An increment represents concrete progress towards the product goal and is carefully checked to ensure that it is usable. Several increments can be created within a sprint, usually as the results of tasks and user stories. The focus of the increment is that the increment is “tangible” and “feedbackable” at the end of the cycle. “Experienceable” means that it is presented to the customer and they can interact with the product. In this context, “feedback-capable” means that stakeholders can enter into dialog based on the increment, discussions can be initiated and opinions can be exchanged. In software development, this is referred to as “functioning software”.

Important characteristics of an increment are that it is tested for functionality and fulfills both the “Definition of Done” (DoD) and the acceptance criteria. In software development, the DoD could include the following points, for example:

  • The code is fully commented.
  • The code has been peer-reviewed.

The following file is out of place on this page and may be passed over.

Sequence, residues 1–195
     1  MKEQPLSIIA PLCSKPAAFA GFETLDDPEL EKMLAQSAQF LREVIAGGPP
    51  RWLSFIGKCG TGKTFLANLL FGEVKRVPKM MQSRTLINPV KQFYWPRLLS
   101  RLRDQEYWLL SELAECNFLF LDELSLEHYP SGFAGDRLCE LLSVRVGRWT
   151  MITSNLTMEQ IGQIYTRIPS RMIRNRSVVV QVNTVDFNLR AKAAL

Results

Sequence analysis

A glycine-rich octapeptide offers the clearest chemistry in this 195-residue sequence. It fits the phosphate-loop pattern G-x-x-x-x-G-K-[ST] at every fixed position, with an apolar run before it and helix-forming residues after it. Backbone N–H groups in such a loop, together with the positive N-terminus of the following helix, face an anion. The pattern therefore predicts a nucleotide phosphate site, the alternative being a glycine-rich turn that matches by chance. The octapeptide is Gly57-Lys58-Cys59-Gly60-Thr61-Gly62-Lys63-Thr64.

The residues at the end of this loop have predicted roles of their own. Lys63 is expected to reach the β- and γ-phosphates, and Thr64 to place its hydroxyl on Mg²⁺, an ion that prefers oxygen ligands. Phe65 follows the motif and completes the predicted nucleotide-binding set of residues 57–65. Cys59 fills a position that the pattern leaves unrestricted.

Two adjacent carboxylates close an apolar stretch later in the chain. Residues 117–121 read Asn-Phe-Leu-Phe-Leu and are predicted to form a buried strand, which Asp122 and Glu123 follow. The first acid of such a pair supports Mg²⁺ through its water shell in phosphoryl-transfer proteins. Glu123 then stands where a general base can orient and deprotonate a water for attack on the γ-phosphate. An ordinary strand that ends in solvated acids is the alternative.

• An entry in the changelog has been created (change has been documented).

Advantages of agile methods in development processes

Agile product development is an iterative and customer-oriented approach to meet the requirements of a rapidly changing business world and increasing complexity. Agile methods bring numerous advantages to product development:

  1. Customer orientation: Agile product development focuses on the customer and their needs. Through continuous feedback, the end product can better meet customer requirements.
  2. Flexibility: Agile methods enable teams to easily adapt to changes in requirements or the market. This promotes adaptability and responsiveness.
  3. Faster time to market: Through iterative development and the early provision of functional parts of the product, companies can bring products to market faster.